The grey, but welcoming café and bar at the Institute of Education in London was a regular haunt of Professor Amin Mughal — one of Pakistan’s leading Progressive intellectuals who went into exile during the Zia era. It was a summer evening in 1996 when Mughal was, as usual, sitting there and chatting with a group of academics and students. An aristocratic, portly man with a broad nose and wavy hair combed back entered the place. After spotting Mughal, he joined us at the table. The gentleman was referred to as Nawab Sahib during the conversation by Mughal. As the evening progressed one could see the enormity of knowledge and the vastness of experience reflected in the views of Nawab Sahib when he spoke effortlessly on history and politics.
Some months later when I met the gentleman again, I found him to be a little uncomfortable on being called by the title of Nawab. He said, “Please don’t call me Nawab Sahib. Khan Sahib would do if your tradition makes you hesitate in calling me Sayeed. It is hard to convince Mughal now to stop calling me Nawab because he seems to have grown old. My wealth is not the land my ancestors owned, but my own political views and participation in political movements that make me a common person. In fact, I am very proud to be a leftist.”
Since then, I occasionally met Sayeed Hasan Khan in London, Karachi and Islamabad. I also read with interest his pieces on international political developments in Dawn, that he sometimes co-wrote with Kurt Jacobsen. Once I had the privilege to share a conference panel with him about South Asian political history. A few months ago, it was a delight to receive a copy of his memoirs Across the Seas: Incorrigible Drift, published in 2013 by Ushba Publishing International, Karachi.
Khan was born in 1930. He witnessed the Second World War, the Partition of British India, anti-colonial liberation movements, European social democracy, the Cold War era at its peak, the Vietnam war, the fall of the Soviet Union, the rise of Islamic radicalism, Indo-Pakistan conflict and the states of martial rule in Pakistan. His memoirs bring to life more than 82 years (until 2012) of political history of a large part of the world — from the United States and Europe to South and East Asia.
He has a knack for blending the private histories of some of the most influential people and their families with larger political events and processes. His flashbacks and flashforwards bringing in people, places, occurrences and ideas while explaining a series of events chronologically make his expression rich and absorbing. However, in a few places it becomes demanding for a reader who has little prior knowledge of some of the people or events being discussed.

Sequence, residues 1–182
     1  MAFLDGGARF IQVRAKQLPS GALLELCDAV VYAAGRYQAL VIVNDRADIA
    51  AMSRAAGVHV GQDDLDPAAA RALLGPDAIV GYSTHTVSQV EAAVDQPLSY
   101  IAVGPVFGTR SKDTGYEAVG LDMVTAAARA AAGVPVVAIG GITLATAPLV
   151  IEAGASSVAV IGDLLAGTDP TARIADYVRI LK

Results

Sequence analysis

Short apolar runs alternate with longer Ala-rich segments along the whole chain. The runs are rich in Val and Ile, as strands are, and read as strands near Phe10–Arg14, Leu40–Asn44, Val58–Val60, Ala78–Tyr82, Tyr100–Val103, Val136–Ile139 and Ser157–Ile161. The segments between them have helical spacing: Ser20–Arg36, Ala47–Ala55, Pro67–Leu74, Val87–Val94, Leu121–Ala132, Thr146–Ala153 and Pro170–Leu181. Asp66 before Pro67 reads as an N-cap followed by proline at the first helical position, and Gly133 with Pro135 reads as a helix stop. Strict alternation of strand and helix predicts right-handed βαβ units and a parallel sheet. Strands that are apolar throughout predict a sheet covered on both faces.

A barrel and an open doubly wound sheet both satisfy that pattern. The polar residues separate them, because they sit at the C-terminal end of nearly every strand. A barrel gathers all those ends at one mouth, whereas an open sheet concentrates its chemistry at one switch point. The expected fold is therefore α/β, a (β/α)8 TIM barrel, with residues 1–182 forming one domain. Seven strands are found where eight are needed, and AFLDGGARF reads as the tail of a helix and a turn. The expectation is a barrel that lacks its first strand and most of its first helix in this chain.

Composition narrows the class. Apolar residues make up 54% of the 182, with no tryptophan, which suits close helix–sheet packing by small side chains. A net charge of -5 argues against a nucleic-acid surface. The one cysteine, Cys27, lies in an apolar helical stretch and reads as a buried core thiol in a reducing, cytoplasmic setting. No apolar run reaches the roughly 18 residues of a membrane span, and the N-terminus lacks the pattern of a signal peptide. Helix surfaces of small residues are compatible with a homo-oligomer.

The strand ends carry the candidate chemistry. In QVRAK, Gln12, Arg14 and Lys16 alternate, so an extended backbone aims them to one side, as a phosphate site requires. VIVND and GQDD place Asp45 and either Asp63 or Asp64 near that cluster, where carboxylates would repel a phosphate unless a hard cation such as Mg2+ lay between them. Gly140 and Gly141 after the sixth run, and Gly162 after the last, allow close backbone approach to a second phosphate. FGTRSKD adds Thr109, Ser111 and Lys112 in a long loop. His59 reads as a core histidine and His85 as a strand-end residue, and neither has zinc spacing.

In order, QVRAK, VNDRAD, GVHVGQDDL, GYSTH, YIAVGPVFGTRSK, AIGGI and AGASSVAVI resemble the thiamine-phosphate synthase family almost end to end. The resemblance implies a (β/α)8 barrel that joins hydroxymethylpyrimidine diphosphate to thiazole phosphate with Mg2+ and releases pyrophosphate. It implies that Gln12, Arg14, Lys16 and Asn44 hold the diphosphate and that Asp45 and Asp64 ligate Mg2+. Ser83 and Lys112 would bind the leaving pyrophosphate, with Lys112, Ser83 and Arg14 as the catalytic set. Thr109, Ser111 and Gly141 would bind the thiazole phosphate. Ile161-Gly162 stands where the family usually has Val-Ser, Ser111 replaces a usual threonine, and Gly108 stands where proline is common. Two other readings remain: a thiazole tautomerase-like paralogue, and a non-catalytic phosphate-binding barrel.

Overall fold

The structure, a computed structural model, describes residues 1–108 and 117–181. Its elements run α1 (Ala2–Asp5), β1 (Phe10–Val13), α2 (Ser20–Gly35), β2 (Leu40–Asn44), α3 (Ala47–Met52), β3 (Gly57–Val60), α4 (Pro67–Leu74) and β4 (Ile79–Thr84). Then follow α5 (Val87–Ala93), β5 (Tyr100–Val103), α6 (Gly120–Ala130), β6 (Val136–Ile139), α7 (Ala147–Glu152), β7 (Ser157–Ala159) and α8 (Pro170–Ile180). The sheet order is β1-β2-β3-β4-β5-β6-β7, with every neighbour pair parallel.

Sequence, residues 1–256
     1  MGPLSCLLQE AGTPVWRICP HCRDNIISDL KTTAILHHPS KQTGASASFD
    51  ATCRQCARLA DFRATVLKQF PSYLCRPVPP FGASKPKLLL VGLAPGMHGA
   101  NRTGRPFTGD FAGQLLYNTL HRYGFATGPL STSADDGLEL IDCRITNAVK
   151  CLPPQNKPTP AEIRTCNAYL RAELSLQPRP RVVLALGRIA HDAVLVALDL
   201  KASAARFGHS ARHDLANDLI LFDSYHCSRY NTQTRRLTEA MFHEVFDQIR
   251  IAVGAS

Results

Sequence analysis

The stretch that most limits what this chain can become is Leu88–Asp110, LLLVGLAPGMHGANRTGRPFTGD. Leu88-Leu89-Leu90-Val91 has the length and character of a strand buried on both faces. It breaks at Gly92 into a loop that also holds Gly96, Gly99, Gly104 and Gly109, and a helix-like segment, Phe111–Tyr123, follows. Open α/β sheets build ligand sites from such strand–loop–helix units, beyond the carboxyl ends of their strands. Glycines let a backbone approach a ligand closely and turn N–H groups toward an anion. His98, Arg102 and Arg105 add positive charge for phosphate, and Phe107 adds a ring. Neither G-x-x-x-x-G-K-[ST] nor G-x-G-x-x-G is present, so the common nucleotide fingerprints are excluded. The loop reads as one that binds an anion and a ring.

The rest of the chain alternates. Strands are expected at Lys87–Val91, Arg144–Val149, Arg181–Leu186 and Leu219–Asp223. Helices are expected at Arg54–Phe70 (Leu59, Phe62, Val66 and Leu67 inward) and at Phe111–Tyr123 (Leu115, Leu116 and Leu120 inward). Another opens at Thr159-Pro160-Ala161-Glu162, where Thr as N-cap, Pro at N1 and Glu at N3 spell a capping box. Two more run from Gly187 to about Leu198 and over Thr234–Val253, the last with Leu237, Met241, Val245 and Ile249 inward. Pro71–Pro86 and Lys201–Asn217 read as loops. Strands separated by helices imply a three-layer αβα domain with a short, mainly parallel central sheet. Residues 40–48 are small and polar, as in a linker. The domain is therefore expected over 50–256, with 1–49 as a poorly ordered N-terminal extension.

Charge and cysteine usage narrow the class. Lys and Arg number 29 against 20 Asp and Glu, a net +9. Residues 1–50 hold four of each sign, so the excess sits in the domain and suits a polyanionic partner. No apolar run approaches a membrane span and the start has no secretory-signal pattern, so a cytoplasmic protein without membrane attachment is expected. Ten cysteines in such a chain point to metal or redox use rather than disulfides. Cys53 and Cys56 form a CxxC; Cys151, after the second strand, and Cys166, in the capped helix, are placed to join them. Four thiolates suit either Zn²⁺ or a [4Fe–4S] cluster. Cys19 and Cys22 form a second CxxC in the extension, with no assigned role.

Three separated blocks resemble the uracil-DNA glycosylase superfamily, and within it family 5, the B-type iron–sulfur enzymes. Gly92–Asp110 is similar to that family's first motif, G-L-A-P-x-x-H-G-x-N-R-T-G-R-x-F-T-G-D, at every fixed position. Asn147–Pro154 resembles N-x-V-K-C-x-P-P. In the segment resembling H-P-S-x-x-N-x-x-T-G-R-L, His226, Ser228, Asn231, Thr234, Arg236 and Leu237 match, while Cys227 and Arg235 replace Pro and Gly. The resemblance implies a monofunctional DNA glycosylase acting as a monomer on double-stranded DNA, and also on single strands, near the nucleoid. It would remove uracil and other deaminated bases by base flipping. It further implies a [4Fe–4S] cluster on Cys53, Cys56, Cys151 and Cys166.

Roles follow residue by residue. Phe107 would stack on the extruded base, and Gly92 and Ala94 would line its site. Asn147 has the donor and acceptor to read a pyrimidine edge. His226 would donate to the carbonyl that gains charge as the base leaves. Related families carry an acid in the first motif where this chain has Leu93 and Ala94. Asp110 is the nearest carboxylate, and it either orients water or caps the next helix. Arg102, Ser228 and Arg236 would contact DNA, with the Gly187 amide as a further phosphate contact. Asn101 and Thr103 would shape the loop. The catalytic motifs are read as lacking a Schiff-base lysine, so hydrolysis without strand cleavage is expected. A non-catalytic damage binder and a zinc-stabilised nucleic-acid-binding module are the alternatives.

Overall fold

Khan spent most of his life in Pakistan and the United Kingdom with some years in India. However, he travelled widely and there will be few who would have personally met so many luminaries — leaders, diplomats, writers and journalists. He was associated with international socialist movements when young and worked closely with those involved in British left-wing politics. He provides an invaluable insight into the 20th century and contemporary British politics and the developments in Europe — from Scandinavia to the Continent — after the Second World War to this day.
Across the Seas also offers interesting observations into the days leading to the Partition of South Asia, the days immediately after, and the behaviour of the leadership at that time. He relates personal anecdotes and analyses political decisions, comments on the characters of otherwise larger-than-life individuals, and describes how the British viewed the freedom struggle.
In today’s paradoxical world, we live in a global village of consumers knowing much about brands from other countries, but little about the suffering and struggle of their masses. Khan’s memoirs bring back the days when people were proud global citizens living in solidarity and not merely international consumers.
The writer is a poet and essayist based in Islamabad
Published in Dawn, Books & Authors, July 30th, 2017